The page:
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Figure 7 Responses regarding (A) idea of using mHealth tools over the period 2020-2023; (B) the declared desire recommend mental health applications over the period 2020-2023; (C) The percentage of mental health professionals who declared they were ready to use new technologies between 2020 and 2023. *statistically significant difference.

3.4 Concerns and risks towards telepsychiatry and mHealth tools in mental health care

3.4.1 Concerns and risks associated with the use of telepsychiatry and mHealth tools in mental health care – aggregate analysis (2020–2023)

A quarter (n=37) and 29% (n=43) of respondents had some concern regarding the use of video/teleconsultation and mHealth tools, respectively. The exact distribution of responses to questions related to concerns over the use of new technologies is shown in Figure 8.

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Figure 8 Responses regarding concerns and risks associated with the use of new technologies in mental health; (A) video/teleconsultation concerns; (B) mobile technologies concerns.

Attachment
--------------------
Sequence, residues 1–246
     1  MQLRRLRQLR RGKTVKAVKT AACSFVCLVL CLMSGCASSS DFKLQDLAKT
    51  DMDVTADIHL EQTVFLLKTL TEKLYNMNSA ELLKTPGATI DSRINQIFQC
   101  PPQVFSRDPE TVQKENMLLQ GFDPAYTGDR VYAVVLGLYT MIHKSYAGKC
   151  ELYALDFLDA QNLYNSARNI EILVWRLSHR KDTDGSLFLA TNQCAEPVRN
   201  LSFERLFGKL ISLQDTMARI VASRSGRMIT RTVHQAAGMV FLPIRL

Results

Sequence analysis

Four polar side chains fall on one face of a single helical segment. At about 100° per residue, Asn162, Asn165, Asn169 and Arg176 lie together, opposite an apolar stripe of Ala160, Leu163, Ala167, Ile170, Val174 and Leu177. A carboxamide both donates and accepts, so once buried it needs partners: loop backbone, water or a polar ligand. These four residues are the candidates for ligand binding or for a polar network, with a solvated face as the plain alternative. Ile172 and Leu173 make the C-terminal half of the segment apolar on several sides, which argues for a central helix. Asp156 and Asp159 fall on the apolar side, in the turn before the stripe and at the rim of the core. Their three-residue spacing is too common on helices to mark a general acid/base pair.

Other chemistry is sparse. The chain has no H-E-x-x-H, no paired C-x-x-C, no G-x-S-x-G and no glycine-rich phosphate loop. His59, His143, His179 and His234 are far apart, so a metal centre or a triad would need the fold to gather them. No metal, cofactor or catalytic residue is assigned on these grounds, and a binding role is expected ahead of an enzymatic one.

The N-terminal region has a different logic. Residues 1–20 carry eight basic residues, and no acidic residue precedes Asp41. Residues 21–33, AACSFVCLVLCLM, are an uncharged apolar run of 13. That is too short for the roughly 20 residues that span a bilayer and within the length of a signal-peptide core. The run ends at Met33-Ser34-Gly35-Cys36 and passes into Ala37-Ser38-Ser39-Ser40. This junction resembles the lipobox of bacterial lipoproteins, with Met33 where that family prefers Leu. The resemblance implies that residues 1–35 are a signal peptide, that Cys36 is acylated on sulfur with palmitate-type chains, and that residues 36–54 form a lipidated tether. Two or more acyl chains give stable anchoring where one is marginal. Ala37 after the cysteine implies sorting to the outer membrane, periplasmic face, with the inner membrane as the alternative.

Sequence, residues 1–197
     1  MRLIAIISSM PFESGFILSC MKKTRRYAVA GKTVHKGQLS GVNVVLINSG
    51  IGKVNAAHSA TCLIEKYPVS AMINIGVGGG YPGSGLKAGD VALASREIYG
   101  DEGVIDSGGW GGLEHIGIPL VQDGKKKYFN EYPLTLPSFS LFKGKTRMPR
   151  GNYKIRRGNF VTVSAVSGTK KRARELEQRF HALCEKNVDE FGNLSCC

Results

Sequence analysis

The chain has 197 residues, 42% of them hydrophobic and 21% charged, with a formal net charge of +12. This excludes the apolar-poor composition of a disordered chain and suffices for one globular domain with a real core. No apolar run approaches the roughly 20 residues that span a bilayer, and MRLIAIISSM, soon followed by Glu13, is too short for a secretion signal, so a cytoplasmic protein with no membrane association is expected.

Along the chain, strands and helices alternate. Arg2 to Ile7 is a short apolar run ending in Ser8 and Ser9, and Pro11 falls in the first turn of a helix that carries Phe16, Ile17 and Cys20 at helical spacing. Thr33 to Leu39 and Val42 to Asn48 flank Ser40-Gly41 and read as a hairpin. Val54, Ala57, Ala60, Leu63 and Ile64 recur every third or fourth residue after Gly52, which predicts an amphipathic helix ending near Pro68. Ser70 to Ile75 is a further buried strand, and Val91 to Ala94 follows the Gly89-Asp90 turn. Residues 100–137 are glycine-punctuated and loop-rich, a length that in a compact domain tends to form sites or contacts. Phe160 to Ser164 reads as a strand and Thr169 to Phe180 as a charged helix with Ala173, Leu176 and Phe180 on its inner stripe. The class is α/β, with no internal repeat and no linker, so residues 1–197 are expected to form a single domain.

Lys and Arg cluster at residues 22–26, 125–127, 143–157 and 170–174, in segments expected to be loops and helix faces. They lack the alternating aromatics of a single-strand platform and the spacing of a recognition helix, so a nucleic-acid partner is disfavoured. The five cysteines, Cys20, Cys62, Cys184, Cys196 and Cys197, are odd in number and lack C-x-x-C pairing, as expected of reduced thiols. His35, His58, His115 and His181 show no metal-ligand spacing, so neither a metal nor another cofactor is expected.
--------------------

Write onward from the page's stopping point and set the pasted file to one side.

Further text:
3.4.2 Change in perceived concerns and risks associated with the use of telepsychiatry and mHealth tools in mental health care between 2020 and 2023

Concerns about video/teleconsultation and mobile technology in mental health between 2020 and 2023 are shown in Figure 9 (χ2 = 7,72, df=3, p=0.052) and Figure 10 (χ2 = 6,21, df=6, p=0.400). For Figure 10, the “No” and “I don’t know” responses have been summed to ensure sufficient group numbers to perform a chi-square test. The difference between years were not statistically significant.

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Figure 9 Responses regarding concerns about the use of video/teleconsultation over the period 2020-2023.

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Figure 10 Responses regarding concerns about the use of mobile apps and other mobile health tools to support care and treatment over the period 2020-2023.

3.5 Influence of age, profession, professional activity, workplace, and sex on readiness to use new technologies

The Kruskal-Wallis test showed that age (H=5,87; p=0.53), education (H=2,94; p=0.09), professional activity (H=1,87; p=0.17) and workplace (H=0,98; p=0.32) did not affect readiness to use new technologies. The Wilcoxon rank sum test showed that sex did not affect readiness to use new technologies (U=1936, p=0.58).